It's really unsettling what these filmmakers do just to create a compelling film. They rape women. They make fun of the members of the tribe, looking down on them. They cut a friend's leg with a machete on camera, capturing every graphic detail. We also get a penis getting chopped off [pretty graphically, I might add]! The worst stuff is probably the animal cruelty [the real deal], which still gets to me even to this day. Watching a musk rat get gutted while still breathing is pretty chilling. We see a snake get chopped apart from a hatchet. A pig gets shot in the head while it's tied up. And probably the moment that makes me sicker than anything - a turtle being cut open right on camera, as its organs spill out in plain view. The turtle scene may be the only time where I actually wanted to puke while watching a movie. I think what makes it worse is that the actors are actually smiling, and even look excited, about harming these animals and these people. I get the intent when it comes to these scenes [killing and eating like the tribespeople do], but sometimes I feel Deodato took this a step too far. I'm not a member of PETA or anything, but I still find these scenes very disturbing to watch.

I think there are two reasons why CANNIBAL HOLOCAUST still resonates today. For one, the idea of savage vs. civilized is a thought provoking one. Even with laws, both moral and societal, man and woman can still act like monsters. At the start, we're supposed to identify with the filmmakers because they come from a civilized world where they're aware of right and wrong, only to get murdered in a barbaric world by people who act on instinct without any sort of consequence. Of course the tribespeople are the villains! They're not like us! Different equals bad, right? That's what makes the actual events in the film more shocking and appalling. It's these "civilized" people who are acting like the savages, doing terrible things to these tribespeople in order to make a great documentary - and probably because of ego and this idea of feeling superior to these so-called "primitive people". It's easy to accept these tribespeople as cannibals because that's their way of life. But there's really no excuse for these filmmakers and their actions. You start asking yourself who are the real savages here - the tribespeople or the filmmakers? Like in any zombie film, the monsters may just be the supposed protagonists themselves.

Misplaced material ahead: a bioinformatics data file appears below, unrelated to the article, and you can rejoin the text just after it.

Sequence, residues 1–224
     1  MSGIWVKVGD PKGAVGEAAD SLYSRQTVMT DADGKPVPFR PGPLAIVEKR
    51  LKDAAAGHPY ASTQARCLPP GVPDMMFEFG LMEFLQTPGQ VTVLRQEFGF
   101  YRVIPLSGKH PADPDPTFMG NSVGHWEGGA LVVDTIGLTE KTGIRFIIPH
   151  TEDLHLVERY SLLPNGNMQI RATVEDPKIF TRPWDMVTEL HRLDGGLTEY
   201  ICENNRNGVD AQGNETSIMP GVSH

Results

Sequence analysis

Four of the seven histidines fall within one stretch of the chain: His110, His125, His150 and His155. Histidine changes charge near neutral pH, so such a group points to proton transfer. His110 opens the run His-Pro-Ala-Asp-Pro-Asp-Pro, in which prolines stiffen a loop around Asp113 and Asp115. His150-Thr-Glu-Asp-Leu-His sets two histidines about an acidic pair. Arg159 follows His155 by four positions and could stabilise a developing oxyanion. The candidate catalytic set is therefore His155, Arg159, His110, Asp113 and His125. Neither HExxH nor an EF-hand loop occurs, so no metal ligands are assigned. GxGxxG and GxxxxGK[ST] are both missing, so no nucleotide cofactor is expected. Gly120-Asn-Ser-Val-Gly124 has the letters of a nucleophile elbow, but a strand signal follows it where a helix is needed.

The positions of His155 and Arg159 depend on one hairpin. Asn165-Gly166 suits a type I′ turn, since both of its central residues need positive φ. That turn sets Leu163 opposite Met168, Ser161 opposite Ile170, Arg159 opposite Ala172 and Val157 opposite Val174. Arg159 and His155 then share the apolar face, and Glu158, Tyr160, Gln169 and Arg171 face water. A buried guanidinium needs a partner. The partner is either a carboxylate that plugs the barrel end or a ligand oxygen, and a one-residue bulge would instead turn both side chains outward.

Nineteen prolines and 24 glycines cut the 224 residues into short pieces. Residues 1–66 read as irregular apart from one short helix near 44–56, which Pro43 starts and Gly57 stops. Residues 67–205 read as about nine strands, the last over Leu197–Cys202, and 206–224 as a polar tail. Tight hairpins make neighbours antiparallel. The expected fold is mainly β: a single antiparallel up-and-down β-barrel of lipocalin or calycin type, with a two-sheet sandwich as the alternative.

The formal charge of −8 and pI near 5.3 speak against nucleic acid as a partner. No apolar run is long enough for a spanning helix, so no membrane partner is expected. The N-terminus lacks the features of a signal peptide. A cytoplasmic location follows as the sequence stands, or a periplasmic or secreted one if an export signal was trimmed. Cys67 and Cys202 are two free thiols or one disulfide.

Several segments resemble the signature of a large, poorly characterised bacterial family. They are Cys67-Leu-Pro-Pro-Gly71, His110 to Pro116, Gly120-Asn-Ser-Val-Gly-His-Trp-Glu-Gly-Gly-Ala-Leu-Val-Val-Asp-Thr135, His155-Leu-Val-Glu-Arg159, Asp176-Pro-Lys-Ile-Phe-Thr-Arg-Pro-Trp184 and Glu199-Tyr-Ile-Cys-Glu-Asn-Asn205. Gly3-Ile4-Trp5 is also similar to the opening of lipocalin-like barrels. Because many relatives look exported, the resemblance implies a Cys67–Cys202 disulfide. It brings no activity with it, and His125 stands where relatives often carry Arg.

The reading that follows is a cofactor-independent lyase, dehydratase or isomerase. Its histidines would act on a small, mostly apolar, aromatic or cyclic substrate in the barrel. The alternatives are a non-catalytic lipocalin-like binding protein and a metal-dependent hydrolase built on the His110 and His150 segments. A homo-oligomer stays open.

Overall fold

Also, I like this idea of doing extreme things for the documentary to create a level of sensationalism that's believed to be what the audience wants to see. It's like what we see on TMZ and in tabloid magazines. The greater the scandal, the more the intended audience wants to know. It's as if CANNIBAL HOLOCAUST is trying to send a hidden message that filmmakers, or anyone who shoots things with a camera, are being exploitative. We film things not only to document them, but to manipulate the events in order to get some sort of reaction from our audience. Watching the footage, you can't help but notice the blurring of the lines of what's real and what's being manufactured. Are the filmmakers really like this, or are they just trying to make a shocking documentary? Are the filmmakers really this unaware of what they are getting themselves into, or are these events intentionally done to create some form of sick legacy? The moral dilemma is pretty thick here.

What helps everything is the fact that Deodato films the movie in a very gritty, dirty style. The scenes with Monroe are shot quite nicely and with more polish. But the found footage definitely has a documentary, low-budget, guerilla style that makes the events unfold in a way that you might actually believe what you're seeing if you didn't already know you were watching a film called CANNIBAL HOLOCAUST. In fact, Deodato had to be put on trial, due to belief that the events in the film were indeed real. Deodato had to prove that the footage was fabricated by presenting the actors in the film as proof that CANNIBAL HOLOCAUST wasn't some sick snuff film. How many other films can lay claim to something that extreme? Not many that I can recall.

Honestly, CANNIBAL HOLOCAUST is a film I don't want to recommend to those who haven't seen it due to its graphic nature. But I do think one should take the time out to check it out just once in order to understand the controversy behind it. While it's easy to focus on the extreme visuals of animal cruelty and the gore that put it on the Video Nasty list, there's something really intelligent about CANNIBAL HOLOCAUST. While I don't enjoy watching it, I do enjoy that it allows me to think about issues of morality and media sensationalism. CANNIBAL HOLOCAUST is definitely an extreme film and it was made to shock, but it's a lot deeper than that. And I believe that maybe it's worth investigating at least once in a lifetime to get the most out of the film.

- Freddie Young

My name is Fred, but they call me the Wolf. Love writing, watching films [especially horror], playing video games, listening to music, and just hanging out. Always been fascinated by films and pop culture for as long as I can remember. I want to be a screenwriter so I can help create a better Hollywood and stop this remake/spoof trend that the scene seems to be so involved in lately. Hopefully I can make it happen. But for now, I'm reviewing films and enjoying preaching the word on good and bad films.
Make sure to check out Full Moon Reviews for more of Fred's writing. 

Brobocop Gets In My Skin

In My Skin [Dans ma peau] (2002)
Writer and Director: Marina de Van
Starring: Marina de Van, Laurent Lucas, Lea Drucker